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The fight between Texas and the Feds over immigration enforcement intensifies


The fight between Texas and the federal government at the border is about more than just razor wire. On its face, the argument is over whether Border Patrol officials can cut down concertina wire that Texas put up. The Supreme Court says yes, the feds do have that authority. Texas Governor Greg Abbott says he'll defy that order. But this is also a fight over who enforces immigration and how America talks about migrants. NPR immigration correspondent Jasmine Garsd is with us. Hi there.


SHAPIRO: There's been so much back and forth on the Texas-Mexico border. Can you just quickly bring us up to speed?

GARSD: Sure. So in 2021, Texas Governor Greg Abbott ramps up immigration enforcement. It's called Operation Lonestar. He deploys the National Guard, puts these floating buoys in the Rio Grande, razor wire on its banks. And this is often deadly. Migrants have died because of this. So the Biden administration tells Texas, you have to allow Border Patrol to cut the wire. And Texas says no. This argument went up to the Supreme Court, who last week ruled that Border Patrol can, in fact, intervene. The latest is that over the weekend, Texas doubled down and said, no, not only will we not cut the wire. We're going to put more in.

SHAPIRO: Does Texas have any legal standing to do that after the Supreme Court ruled against them?

GARSD: Well, so this debate is about much more than wire. It's about who enforces immigration law and how. So the National Guard is ultimately part of the U.S. military, overseen by the US president as commander in chief. But except in very specific situations where the president takes federal control, the National Guard in each state takes orders from its state governor. And Governor Greg Abbott has invoked something called the so-called invasion clause in the U.S. Constitution. Abbott says immigration is like a foreign public enemy invasion which Biden is doing nothing about, and Texas has the right to defend itself.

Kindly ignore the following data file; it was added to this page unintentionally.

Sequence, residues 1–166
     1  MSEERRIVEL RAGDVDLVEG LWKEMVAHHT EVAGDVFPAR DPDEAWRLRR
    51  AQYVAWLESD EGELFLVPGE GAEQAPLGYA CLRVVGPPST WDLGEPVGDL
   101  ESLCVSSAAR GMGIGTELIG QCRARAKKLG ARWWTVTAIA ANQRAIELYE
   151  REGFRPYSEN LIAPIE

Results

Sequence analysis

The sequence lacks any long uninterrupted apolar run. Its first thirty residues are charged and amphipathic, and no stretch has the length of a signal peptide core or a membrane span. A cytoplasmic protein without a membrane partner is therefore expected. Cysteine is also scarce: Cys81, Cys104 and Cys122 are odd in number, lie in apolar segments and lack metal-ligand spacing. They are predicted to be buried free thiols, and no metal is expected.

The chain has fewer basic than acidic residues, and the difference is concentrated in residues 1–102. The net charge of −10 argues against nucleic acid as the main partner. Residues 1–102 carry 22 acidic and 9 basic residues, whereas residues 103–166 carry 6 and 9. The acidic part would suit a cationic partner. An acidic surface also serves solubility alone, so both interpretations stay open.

SHAPIRO: Those are such loaded words that we've also heard from presidential candidates - invasion, foreign, public enemy. I mean, this is intense rhetoric.

GARSD: There's absolutely a very dehumanizing rhetoric. As we get deeper into the election year, it's been getting more vitriolic. Here's former President Donald Trump back in December.


DONALD TRUMP: They're poisoning the blood of our country. That's what they've done. They poison mental institutions and prisons all over the world, not just in South America, not just the three or four countries that we think about but all over the world. They're coming into our country.

GARSD: He said this - poisoning the blood of America - multiple times. And here's Florida Governor Ron DeSantis when he was a candidate earlier in the campaign cycle, talking about how he would deal with immigration.


RON DESANTIS: I don't see how you can just let them do that and carve through a wall on sovereign U.S. territory with a backpack full of drugs. And so we - of course, you use deadly force.

GARSD: You know, what's striking about this is that it's not factual. You heard DeSantis talking about drug smuggling. NPR has done a lot of reporting about this, and pretty much all fentanyl found on the border has been smuggled through legal points of entry, brought in by U.S. citizens.

SHAPIRO: Some of this rhetoric is stuff that we heard starting in the Trump campaign of 2016 and continuing through his four years as president. Would you say what we're hearing today is different?

GARSD: There's this word I see thrown around a lot lately, which is unprecedented. This kind of talk is not unprecedented. We heard this during the last administration. And frankly, it can be traced back all the way to the 1830s to anti-Irish movements, anti-Catholic, later anti-Italian. The list goes on and on, you know? And that leads to another point, which is that - it's true. Apprehensions at the southwest border are at an all-time high. It's also true that the border didn't used to be policed in the same way. And according to the Cato Institute, in the last decade, the immigrant population has had the slowest growth since the 1960s.

SHAPIRO: NPR's Jasmine Garsd. Thank you.

GARSD: Thank you. Transcript provided by NPR, Copyright NPR.

NPR transcripts are created on a rush deadline by an NPR contractor. This text may not be in its final form and may be updated or revised in the future. Accuracy and availability may vary. The authoritative record of NPR’s programming is the audio record.

Jasmine Garsd is an Argentine-American journalist living in New York. She is currently NPR's Criminal Justice correspondent and the host of The Last Cup. She started her career as the co-host of Alt.Latino, an NPR show about Latin music. Throughout her reporting career she's focused extensively on women's issues and immigrant communities in America. She's currently writing a book of stories about women she's met throughout her travels.